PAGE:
A Christian critic (italics) wrote in to complain and Internet Infidel
Bill Schultz responds:
In light of the recent shooting in Santee, California let’s see, I think
it started when Madeline Murray O’Hare complained she didn’t want any prayer in
our schools, and we said OK.
No, it did not “start” with Madalyn Murray-O’Hair. In fact, she was
a bit of a “Johnnie-come-lately” to the cause of removing teacher-led
prayer from our public schools. I summarize the true state of affairs in my
piece at: https://infidels.org/library/modern/bill_schultz/scotus_law.html#LSP.
The beginning of the end for state-enforced school prayer was in West Virginia
State Board of Education v. Barnette, 319 U.S. 624, 63 S.Ct. 1178 (June 14,
1943), where the majority wrote this benchmark of First Amendment jurisprudence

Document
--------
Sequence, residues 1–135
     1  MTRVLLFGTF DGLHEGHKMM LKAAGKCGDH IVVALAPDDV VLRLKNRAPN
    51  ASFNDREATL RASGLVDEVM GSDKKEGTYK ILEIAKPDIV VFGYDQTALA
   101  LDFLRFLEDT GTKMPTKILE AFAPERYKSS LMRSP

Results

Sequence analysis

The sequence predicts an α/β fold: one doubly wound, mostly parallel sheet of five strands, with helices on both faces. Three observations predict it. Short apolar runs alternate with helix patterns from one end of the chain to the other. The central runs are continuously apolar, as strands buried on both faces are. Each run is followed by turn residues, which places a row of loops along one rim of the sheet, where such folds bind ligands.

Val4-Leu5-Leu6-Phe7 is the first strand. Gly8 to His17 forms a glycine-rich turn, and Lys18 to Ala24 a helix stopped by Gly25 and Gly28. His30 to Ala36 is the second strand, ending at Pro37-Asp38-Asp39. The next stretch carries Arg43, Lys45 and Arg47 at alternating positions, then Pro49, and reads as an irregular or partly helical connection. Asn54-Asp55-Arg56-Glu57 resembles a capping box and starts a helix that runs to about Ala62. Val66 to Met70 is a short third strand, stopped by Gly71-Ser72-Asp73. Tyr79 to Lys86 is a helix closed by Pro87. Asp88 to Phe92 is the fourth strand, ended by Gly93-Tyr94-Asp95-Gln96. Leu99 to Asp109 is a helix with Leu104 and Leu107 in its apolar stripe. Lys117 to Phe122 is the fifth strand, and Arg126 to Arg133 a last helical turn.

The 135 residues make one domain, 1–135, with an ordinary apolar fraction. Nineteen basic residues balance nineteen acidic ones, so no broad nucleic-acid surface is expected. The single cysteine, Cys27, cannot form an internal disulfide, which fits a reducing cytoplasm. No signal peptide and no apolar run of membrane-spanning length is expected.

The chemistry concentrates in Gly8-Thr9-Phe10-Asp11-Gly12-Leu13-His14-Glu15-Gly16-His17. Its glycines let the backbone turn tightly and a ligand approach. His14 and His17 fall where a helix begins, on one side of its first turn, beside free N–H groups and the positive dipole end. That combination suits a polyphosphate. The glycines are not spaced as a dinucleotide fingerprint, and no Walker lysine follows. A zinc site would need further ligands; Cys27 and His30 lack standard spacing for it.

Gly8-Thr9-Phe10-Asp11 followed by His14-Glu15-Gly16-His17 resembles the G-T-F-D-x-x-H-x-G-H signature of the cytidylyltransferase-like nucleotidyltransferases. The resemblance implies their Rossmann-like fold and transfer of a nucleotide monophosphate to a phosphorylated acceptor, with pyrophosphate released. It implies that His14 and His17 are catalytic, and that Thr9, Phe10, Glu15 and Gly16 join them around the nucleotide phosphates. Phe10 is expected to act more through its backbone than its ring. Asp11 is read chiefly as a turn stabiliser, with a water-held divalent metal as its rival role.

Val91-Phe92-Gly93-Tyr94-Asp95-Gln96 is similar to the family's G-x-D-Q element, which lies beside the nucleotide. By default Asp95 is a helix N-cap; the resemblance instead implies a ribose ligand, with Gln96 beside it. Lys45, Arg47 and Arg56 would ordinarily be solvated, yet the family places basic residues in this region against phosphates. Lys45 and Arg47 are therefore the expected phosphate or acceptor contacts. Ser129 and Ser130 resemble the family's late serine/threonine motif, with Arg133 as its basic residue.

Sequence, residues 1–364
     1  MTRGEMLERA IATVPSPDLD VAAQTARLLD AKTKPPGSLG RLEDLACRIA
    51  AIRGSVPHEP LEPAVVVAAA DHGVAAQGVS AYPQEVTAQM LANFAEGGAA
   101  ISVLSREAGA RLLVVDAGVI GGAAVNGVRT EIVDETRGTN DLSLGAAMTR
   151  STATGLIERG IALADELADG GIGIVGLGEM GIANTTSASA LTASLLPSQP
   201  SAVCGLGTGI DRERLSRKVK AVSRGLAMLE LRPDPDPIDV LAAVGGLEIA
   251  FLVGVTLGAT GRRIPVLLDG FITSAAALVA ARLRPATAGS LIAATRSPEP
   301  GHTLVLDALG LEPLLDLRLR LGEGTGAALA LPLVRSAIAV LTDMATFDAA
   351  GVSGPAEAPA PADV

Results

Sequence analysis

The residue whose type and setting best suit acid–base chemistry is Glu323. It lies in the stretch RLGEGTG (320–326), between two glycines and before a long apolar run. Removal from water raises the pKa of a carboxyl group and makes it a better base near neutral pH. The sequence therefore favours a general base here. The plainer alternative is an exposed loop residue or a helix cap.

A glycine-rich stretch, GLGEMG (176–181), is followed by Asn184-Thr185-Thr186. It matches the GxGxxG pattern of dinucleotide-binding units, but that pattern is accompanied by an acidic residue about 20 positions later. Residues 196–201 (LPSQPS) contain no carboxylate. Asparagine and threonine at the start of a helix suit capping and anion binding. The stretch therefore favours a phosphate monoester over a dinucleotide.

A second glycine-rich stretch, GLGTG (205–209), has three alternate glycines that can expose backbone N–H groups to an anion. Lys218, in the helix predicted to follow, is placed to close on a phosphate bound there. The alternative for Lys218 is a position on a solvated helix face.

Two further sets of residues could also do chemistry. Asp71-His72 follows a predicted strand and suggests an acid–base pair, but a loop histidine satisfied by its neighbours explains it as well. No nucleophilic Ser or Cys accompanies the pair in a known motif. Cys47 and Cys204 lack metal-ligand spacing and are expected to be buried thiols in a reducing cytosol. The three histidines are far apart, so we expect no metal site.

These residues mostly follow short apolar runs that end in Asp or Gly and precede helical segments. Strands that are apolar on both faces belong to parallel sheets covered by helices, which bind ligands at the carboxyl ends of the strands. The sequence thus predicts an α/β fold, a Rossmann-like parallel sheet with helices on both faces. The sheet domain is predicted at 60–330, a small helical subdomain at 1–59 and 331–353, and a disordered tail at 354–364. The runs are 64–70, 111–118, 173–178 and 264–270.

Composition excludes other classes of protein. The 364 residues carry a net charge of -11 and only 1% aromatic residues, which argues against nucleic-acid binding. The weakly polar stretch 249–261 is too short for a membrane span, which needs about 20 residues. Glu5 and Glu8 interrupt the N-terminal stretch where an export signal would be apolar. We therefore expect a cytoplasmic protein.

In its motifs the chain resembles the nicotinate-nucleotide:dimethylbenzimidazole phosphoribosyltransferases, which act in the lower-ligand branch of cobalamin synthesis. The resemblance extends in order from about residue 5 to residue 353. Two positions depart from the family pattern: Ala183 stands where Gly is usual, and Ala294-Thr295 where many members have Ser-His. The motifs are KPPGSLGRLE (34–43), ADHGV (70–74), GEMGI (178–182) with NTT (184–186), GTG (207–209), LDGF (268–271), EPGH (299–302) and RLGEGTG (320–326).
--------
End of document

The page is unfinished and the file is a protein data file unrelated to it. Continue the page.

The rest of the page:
(which ought to be placed on a poster next to any display of the Ten
Commandments, “In God We Trust,” or similar nonsense):
“If there is any fixed star in our constitutional constellation, it is
that no official, high or petty, can prescribe what shall be orthodox in
politics, nationalism, religion, or other matters of opinion or force citizens
to confess by word or act their faith therein. If there are any circumstances
which permit an exception, they do not now occur to us.”‘
The above sentence was written by the great Justice Jackson, with the
concurrence of Chief Justice Harlan Stone and Justices Black, Douglas, Murphy,
and Rutledge (a 6-3 decision). You can’t blame Earl Warren or the Warren Court
for that statement of principle!